It's cold in sunny, south Florida today and it's not supposed to warm up until tomorrow.
50-something degrees is cold when you consider it's been in the 80s since last April! Brrrr!
I have managed to make two Christmas purchases online, but I've got to find a couple of hours to go shopping for a few gifts for my family people! Life has been far too occupied with the kids' issues. Especially the graduation problem with my daughter. I simply haven't had much time to think about Christmas. I only just added ornaments to the tree last night, and it's been up with the lights on it since Thanksgiving weekend!
My baby girl, who is now 22, walked across the stage at her college on Friday night, December 11 in her graduation ceremony. This followed four years and three months of classes with only her final grades remaining to determine the final outcome --- receiving her Bachelors degree. She flunked an aerobics course during her sophomore year because she couldn't get to class on time. The class started at 9 AM and my child is definitely not a morning person. Aside from that one incident, her entire college career reflects a history of passing grades ... "A"s and "B"s and C"s. But no more "F"s since aerobics.
The Monday following the graduation ceremony (December 14), she was devasted to learn she had received an "F" on her advertising course. She could not get her marketing degree without this course! And, she had already walked across the stage. Her family had traveled 700 miles to watch her. There was a lot at stake here. So, I am not exaggerating when I say she was "devasted." She was sobbing into the phone, and, as any mother would be, I was frustrated because I didn't know what to tell her. I didn't know what to do. First, I had to calm her down. Then, I had to find out what happened.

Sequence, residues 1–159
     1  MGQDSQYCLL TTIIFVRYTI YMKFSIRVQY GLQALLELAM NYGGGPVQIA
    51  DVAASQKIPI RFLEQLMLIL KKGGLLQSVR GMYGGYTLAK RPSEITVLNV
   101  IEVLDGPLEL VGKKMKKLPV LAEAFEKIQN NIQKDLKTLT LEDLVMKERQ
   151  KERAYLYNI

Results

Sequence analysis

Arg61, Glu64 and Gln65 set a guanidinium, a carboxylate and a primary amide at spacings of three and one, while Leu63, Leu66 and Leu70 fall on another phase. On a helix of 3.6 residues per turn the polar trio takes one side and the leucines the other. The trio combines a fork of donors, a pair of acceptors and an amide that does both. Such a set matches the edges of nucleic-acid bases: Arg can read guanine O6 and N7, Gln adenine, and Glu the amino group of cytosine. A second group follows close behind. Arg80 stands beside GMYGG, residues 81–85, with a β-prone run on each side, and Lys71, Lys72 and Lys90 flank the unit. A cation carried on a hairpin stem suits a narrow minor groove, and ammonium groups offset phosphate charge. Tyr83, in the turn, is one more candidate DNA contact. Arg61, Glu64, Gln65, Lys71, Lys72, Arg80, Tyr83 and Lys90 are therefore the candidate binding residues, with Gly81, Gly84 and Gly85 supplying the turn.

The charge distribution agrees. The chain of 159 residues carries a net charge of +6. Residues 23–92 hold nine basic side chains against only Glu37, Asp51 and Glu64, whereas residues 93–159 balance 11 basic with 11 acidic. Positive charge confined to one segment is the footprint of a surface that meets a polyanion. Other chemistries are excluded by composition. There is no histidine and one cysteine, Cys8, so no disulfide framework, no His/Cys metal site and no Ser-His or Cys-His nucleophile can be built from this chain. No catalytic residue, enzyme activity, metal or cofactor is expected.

It's been one week since this happened and it's been an emotional roller coaster ride. When she wasn't crying she was seeking a way to solve this academic crisis. Her friends told her to fight. I asked her if she was willing to fight for it. When she responded, "Yes," then I told her she had to do whatever it took to make this right.
She has talked to the professor and the professor is now claiming my daughter violated the school's code of ethics. Now I am outraged!
My "graduate" has always been brutally honest about everything and I've never known her to cheat, lie or steal for any reason. For her to be accused of an ethical violation isn't in keeping with her character. The "crime" she committed doesn't deserve this punishment. But, how do I, as a parent, pursuade the school to see that the teacher is the one who didn't perform her job well? There are some inconsistencies in the professor's reasoning and I'm determine to find a way to reveal these discriminations ... and, with any luck (and, perhaps, the hand of God) I can help my girl get the justice she deserves. Yes, she made a mistake. She admits that. But, do you give a life sentence to someone for stealing a candy bar from the corner store? NO! You do not! The punishment should fit the crime.